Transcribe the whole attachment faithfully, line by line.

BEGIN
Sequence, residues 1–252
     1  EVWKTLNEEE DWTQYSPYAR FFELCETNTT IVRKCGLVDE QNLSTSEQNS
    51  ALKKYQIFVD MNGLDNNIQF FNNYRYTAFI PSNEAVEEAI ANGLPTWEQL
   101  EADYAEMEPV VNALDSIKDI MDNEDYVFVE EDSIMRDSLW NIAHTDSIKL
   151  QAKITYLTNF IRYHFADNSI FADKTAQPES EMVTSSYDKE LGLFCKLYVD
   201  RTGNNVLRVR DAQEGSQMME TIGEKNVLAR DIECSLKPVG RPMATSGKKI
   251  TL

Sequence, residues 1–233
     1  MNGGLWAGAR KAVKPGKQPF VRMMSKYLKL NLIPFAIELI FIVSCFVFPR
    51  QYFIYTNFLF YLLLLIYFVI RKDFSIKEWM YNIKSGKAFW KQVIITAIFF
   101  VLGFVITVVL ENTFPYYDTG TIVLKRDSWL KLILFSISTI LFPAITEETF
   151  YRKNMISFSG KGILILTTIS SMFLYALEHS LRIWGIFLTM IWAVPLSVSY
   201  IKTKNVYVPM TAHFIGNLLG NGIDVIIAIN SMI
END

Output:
Sequence, residues 1–252
     1  EVWKTLNEEE DWTQYSPYAR FFELCETNTT IVRKCGLVDE QNLSTSEQNS
    51  ALKKYQIFVD MNGLDNNIQF FNNYRYTAFI PSNEAVEEAI ANGLPTWEQL
   101  EADYAEMEPV VNALDSIKDI MDNEDYVFVE EDSIMRDSLW NIAHTDSIKL
   151  QAKITYLTNF IRYHFADNSI FADKTAQPES EMVTSSYDKE LGLFCKLYVD
   201  RTGNNVLRVR DAQEGSQMME TIGEKNVLAR DIECSLKPVG RPMATSGKKI
   251  TL

Sequence, residues 1–233
     1  MNGGLWAGAR KAVKPGKQPF VRMMSKYLKL NLIPFAIELI FIVSCFVFPR
    51  QYFIYTNFLF YLLLLIYFVI RKDFSIKEWM YNIKSGKAFW KQVIITAIFF
   101  VLGFVITVVL ENTFPYYDTG TIVLKRDSWL KLILFSISTI LFPAITEETF
   151  YRKNMISFSG KGILILTTIS SMFLYALEHS LRIWGIFLTM IWAVPLSVSY
   201  IKTKNVYVPM TAHFIGNLLG NGIDVIIAIN SMI